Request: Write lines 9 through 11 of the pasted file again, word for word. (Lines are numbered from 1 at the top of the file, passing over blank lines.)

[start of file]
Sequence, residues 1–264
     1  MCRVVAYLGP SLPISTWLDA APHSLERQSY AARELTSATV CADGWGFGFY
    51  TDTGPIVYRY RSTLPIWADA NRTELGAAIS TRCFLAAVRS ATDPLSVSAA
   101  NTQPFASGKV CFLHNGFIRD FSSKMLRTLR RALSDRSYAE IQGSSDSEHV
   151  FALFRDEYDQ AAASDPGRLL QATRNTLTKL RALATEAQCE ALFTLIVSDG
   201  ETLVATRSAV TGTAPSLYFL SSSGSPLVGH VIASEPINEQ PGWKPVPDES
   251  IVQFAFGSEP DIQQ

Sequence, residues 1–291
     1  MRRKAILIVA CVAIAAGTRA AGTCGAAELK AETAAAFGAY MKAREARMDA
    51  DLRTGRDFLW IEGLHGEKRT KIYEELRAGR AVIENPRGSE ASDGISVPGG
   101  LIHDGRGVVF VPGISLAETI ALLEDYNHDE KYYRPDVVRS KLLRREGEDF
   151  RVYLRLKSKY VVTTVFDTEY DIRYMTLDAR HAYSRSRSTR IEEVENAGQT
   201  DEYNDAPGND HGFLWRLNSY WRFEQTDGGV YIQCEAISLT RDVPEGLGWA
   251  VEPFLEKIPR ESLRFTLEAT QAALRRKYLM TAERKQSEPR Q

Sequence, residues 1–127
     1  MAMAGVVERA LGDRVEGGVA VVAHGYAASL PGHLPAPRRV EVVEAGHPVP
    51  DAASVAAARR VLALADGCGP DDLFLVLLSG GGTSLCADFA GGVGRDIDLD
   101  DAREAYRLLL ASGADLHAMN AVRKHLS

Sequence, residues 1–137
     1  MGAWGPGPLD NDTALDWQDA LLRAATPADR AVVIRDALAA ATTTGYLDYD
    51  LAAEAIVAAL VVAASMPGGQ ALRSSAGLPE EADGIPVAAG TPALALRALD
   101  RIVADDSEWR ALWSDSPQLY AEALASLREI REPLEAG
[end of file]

     1  MRRKAILIVA CVAIAAGTRA AGTCGAAELK AETAAAFGAY MKAREARMDA
    51  DLRTGRDFLW IEGLHGEKRT KIYEELRAGR AVIENPRGSE ASDGISVPGG
   101  LIHDGRGVVF VPGISLAETI ALLEDYNHDE KYYRPDVVRS KLLRREGEDF